Encouraging news: both the ACLU and EFF say proposed amendments to the cybersecurity bill, S. 2105, address privacy concerns.
Michelle Richardson of the ACLU writes that the proposed changes would:
- Ensure that companies who share cybersecurity information with the government give it directly to civilian agencies, and not to military agencies like the National Security Agency. The single most important limitation on domestic cybersecurity programs is that they are civilian-run and do not turn the military loose on Americans and the internet.
- Ensure that information shared under the program be “reasonably necessary” to describe a cybersecurity threat.
- Restrict the government’s use of information it receives under the cyber info sharing authority so that it can be used only for actual cybersecurity purposes and to prosecute cyber crimes, protect people from imminent threat of death or physical harm, or protect children from serious threats.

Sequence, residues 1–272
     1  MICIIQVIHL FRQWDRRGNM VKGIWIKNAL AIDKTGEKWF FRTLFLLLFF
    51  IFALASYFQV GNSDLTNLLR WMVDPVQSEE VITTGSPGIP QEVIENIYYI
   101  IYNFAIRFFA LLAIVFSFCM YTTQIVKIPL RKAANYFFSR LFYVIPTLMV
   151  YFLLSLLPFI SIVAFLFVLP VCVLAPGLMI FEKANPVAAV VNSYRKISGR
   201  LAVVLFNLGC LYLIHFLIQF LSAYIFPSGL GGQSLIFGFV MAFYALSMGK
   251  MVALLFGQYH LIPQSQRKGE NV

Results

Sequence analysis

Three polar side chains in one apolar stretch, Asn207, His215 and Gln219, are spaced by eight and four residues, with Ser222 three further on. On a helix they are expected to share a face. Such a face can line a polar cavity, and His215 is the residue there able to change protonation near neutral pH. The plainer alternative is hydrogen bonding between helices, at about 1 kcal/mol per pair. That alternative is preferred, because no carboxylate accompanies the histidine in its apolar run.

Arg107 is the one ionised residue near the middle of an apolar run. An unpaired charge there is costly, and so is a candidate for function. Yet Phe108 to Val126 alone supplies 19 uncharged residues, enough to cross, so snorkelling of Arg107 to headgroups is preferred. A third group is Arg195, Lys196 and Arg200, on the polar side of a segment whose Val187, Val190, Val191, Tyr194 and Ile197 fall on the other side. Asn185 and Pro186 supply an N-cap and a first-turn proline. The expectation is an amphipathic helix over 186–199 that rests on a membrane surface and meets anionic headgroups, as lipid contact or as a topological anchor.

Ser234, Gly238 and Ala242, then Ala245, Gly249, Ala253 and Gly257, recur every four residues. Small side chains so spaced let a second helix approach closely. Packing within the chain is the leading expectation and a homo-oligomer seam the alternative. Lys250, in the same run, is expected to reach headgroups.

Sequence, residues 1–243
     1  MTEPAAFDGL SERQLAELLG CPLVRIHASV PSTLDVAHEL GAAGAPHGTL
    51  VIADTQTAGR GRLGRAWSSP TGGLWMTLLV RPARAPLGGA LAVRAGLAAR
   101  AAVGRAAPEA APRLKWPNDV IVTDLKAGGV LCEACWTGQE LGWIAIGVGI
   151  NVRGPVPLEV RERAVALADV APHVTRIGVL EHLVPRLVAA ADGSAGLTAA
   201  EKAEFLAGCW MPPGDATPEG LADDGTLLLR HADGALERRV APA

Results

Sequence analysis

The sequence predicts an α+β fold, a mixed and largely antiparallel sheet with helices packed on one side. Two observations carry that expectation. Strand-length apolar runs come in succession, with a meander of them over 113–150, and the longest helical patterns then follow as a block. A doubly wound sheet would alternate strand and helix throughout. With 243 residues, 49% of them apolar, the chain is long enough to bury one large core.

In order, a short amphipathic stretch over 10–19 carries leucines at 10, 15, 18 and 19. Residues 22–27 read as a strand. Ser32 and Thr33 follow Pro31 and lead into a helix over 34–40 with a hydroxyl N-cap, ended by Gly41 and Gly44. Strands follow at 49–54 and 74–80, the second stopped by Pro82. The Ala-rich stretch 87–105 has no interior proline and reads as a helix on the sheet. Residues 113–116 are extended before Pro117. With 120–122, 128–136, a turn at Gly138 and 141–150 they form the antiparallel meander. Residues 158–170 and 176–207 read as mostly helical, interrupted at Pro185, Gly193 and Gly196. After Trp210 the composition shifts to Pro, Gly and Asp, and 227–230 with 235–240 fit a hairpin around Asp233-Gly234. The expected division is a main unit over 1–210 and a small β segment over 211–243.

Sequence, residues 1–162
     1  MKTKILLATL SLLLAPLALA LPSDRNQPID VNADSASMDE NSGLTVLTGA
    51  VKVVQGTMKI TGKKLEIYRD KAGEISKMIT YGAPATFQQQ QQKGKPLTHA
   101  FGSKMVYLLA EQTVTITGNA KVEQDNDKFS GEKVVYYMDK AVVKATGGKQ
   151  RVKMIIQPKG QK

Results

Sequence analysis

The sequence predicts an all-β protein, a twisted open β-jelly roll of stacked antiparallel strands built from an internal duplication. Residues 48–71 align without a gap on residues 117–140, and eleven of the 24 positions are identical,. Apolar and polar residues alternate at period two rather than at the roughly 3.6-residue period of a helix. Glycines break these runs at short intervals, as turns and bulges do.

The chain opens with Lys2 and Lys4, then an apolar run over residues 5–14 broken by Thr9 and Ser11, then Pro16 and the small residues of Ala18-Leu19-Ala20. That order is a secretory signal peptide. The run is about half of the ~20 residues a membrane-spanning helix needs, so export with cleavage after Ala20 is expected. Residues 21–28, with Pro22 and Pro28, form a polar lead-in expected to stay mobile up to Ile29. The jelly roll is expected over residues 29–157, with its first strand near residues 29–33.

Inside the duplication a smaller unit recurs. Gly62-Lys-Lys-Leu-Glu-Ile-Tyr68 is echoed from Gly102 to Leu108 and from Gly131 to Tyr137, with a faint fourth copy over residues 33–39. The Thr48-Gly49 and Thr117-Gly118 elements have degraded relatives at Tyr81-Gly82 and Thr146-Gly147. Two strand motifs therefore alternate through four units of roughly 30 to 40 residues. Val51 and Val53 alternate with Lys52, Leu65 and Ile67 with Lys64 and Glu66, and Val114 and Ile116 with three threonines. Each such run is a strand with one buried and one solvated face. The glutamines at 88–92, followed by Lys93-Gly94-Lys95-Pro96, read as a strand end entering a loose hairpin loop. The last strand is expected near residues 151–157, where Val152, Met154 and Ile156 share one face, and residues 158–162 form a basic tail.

- Require annual reports from the Justice Department, Homeland Security, Defense and Intelligence Community Inspectors General that describe what information is received, who gets it, and what is done with it.
- Allow individuals to sue the government if it intentionally or willfully violates the law.
- Ensuring that only civilian agencies—not the National Security Agency—are in charge of our nation’s cybersecurity systems.
- Ensuring data isn’t shared with law enforcement except in very specific, limited circumstances.
- Ensuring that data collected through cybersecurity programs can’t be used to prosecute other, unrelated crimes.
- Carve-outs for free speech and terms of service violations. The new privacy package makes it clear that Constitutionally-protected free speech and terms of service violations won’t constitute a “cybersecurity threat.”
Both organizations note that there are still remaining concerns that advocates will want to see addressed, but it does sound like there’s been some important progress.